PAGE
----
1. Almost all of the postures are practiced on the floor (you’re seated, lying down, or you have your legs up the wall).
  2. You are guided into the postures slowly, and once you’ve found your first tissue stop (this might be the first sensation of stretch, or where your range of motion stops unless you push yourself), you stay there for a period of time. Depending on the teacher or the pose, this could be anywhere between 1-5 minutes.
  3. Most of the postures are hip centric or spine centric. There are a few outliers that target either the whole body or just the ankles and wrists.
  4. There is no pushing, pulling, straining, or specific goal in the postures, other than learning to lean into the experience.
  5. There is an opportunity to acclimate to the effects of the postures in between each pose. This time is just as important as the pose itself and often involves lying down in savasana (on your back).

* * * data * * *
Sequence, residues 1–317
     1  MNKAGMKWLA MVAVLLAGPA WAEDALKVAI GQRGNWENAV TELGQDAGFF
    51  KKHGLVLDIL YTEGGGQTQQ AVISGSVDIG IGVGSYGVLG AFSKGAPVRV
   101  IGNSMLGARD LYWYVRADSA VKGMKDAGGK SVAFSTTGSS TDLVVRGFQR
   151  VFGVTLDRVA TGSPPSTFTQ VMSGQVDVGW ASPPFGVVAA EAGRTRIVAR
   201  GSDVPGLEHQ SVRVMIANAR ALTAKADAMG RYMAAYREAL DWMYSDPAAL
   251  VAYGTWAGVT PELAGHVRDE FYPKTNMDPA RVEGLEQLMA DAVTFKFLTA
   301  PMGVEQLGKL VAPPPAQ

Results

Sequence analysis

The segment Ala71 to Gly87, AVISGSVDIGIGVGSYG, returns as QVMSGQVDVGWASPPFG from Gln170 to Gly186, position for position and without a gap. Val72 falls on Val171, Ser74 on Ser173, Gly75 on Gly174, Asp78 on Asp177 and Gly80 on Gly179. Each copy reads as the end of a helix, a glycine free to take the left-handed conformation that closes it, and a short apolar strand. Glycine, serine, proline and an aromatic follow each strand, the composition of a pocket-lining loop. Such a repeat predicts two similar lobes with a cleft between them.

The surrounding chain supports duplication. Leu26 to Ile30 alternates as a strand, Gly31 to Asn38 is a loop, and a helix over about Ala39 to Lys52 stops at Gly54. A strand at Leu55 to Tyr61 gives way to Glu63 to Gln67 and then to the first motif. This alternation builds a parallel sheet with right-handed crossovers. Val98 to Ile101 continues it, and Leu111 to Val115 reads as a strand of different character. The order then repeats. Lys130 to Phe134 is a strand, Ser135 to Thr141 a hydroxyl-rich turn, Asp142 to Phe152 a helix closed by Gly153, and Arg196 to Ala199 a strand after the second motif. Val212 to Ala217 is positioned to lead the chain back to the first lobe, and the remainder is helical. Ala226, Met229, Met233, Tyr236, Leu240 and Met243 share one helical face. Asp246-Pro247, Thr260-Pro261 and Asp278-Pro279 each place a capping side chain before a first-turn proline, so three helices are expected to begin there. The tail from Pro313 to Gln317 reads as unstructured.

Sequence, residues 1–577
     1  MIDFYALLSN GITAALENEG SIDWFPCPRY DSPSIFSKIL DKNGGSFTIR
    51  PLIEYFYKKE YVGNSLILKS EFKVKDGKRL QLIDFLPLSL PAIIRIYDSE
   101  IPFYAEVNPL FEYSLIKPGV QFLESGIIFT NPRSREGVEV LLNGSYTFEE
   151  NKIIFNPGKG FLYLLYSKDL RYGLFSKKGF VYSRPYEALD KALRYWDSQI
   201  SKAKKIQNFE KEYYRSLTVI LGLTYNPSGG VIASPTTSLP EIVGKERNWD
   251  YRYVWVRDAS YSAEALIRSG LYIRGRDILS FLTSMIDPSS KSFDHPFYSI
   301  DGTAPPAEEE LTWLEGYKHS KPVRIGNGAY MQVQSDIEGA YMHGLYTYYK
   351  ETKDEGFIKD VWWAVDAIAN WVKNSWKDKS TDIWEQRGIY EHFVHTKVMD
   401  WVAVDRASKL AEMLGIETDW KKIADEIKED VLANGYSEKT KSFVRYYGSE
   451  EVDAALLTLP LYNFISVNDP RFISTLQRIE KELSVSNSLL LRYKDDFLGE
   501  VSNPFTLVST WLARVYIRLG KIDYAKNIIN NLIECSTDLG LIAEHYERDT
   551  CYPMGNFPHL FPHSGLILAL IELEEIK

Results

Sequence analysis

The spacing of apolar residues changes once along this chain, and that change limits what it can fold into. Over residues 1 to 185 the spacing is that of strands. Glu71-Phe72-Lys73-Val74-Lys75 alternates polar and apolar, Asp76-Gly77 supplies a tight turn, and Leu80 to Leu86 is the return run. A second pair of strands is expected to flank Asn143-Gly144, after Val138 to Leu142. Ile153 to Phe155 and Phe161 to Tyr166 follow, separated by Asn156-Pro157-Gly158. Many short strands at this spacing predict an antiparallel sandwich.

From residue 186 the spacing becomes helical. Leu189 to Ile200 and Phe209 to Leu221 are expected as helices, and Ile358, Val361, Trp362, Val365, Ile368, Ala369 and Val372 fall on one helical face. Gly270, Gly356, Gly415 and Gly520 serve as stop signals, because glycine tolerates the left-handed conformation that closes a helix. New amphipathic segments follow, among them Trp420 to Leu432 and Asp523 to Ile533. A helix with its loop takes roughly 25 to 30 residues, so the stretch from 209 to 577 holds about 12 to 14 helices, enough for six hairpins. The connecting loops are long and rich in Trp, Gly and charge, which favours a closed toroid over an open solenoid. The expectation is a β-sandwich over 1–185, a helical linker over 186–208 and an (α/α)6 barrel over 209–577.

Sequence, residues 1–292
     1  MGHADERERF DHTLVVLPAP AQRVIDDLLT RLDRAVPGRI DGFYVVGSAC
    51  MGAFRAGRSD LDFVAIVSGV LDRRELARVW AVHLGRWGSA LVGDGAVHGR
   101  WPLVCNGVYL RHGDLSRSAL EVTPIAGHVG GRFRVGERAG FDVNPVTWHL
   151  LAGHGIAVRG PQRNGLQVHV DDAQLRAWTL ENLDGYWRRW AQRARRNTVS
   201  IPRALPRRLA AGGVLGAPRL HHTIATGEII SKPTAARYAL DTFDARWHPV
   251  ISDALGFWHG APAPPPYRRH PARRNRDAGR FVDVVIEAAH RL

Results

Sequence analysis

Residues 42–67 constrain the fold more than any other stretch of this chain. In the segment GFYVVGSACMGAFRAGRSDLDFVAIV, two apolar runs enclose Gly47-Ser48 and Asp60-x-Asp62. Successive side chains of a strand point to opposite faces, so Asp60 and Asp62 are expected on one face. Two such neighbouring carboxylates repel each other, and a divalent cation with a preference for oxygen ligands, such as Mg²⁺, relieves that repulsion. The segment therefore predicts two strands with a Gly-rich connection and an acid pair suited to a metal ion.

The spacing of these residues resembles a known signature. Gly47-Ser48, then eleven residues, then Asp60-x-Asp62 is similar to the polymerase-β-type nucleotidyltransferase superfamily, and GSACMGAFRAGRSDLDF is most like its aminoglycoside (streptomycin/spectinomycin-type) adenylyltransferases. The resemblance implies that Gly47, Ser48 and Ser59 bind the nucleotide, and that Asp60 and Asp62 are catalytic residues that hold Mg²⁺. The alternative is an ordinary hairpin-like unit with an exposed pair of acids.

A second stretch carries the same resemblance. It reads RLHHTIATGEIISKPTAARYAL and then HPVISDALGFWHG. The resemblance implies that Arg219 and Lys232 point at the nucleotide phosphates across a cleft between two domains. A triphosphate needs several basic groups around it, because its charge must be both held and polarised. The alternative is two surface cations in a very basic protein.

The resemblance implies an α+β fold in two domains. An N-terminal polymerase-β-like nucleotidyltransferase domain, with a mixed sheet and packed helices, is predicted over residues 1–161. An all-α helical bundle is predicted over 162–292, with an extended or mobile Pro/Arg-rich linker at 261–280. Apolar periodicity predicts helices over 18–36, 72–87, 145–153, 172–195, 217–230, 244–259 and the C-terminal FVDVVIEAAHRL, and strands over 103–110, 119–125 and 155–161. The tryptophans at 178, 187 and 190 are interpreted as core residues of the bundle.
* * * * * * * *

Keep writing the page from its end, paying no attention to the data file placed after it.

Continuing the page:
Five postures that will rock an athlete’s world:


This posture addresses both stiffness in quads and hip flexors.


    1. Come to hands and knees with a blanket under the knees.
    2. Step one foot forward between the hands.
    3. Place blocks, pillows, or a bolster under the hands to elevate the torso.
    4. Allow the pelvis to shift forward until you feel the first sensation of stretch.
    5. Breathe slowly and deeply, staying in the position for 1-3 minutes.
    6. Rest for 1 minute before practicing on the other side.

Avoid the following:

  • Pain
  • Rigidity
  • Bracing

Benefits for athletes:

Anyone who is a runner or cyclist can attest to stiffness in both the hip flexors and quadriceps—this posture will address both. This is also a very functional stretch. We lunge to some extent in our activities of daily living, so this is an action that we need to maintain for our overall mobility.